Canadian Blood Services plan to let unregulated employees perform health screening and assessments of blood donors is 'misguided' and should be abandoned.
Toronto (6 March 2009) A plan by Canadian Blood Services (CBS) to replace registered nurses — who perform health screening and assessments of blood donors — with unregulated employees will risk the safety of Canada's blood supply, says the Ontario Nurses' Association (ONA).
The association calls the plan "misguided" and says CBS "should remember painful lessons learned during the tainted blood scandal of the 1990s."
CBS has told its registered nurses that it will train people with a high school education to become “multi-skilled employees” to perform the health screening and health assessment work done by registered nurses at 40 Canadian permanent collection sites. It supervises more than 20,000 donor clinics annually.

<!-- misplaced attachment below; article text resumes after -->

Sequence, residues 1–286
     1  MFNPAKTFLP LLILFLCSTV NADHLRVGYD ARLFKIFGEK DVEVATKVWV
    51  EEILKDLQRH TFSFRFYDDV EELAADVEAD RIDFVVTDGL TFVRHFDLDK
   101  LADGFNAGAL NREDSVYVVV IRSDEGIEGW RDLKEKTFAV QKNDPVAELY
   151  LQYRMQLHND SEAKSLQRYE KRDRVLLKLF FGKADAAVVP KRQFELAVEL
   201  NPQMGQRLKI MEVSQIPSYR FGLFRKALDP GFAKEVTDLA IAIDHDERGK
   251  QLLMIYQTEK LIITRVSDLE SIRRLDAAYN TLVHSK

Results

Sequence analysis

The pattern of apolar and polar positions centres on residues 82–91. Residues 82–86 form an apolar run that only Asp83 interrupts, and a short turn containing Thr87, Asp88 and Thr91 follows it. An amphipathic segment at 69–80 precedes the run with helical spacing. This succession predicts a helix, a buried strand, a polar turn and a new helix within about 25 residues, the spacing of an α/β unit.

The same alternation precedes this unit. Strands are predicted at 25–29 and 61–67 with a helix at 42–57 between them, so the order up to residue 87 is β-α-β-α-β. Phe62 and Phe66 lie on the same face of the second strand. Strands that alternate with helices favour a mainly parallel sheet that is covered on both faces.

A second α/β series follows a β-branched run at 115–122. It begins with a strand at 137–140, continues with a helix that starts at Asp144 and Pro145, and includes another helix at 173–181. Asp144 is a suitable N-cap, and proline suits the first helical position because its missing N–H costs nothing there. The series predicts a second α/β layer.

“Canadian Blood Services was created as a result of one of the largest public health catastrophes in Canada’s history, when thousands of Canadians received tainted blood transfusions," says ONA president Linda Haslam-Stroud. "They were infected with HIV and the hepatitis C virus, and the Krever Commission clearly emphasized that the safety of the blood supply was to be of paramount importance for CBS.”
The association is demanding that CBS abandon the plan.
The National Union of Public and General Employees (NUPGE) is one of Canada's largest labour organizations with over 340,000 members. Our mission is to improve the lives of working families and to build a stronger Canada by ensuring our common wealth is used for the common good. NUPGE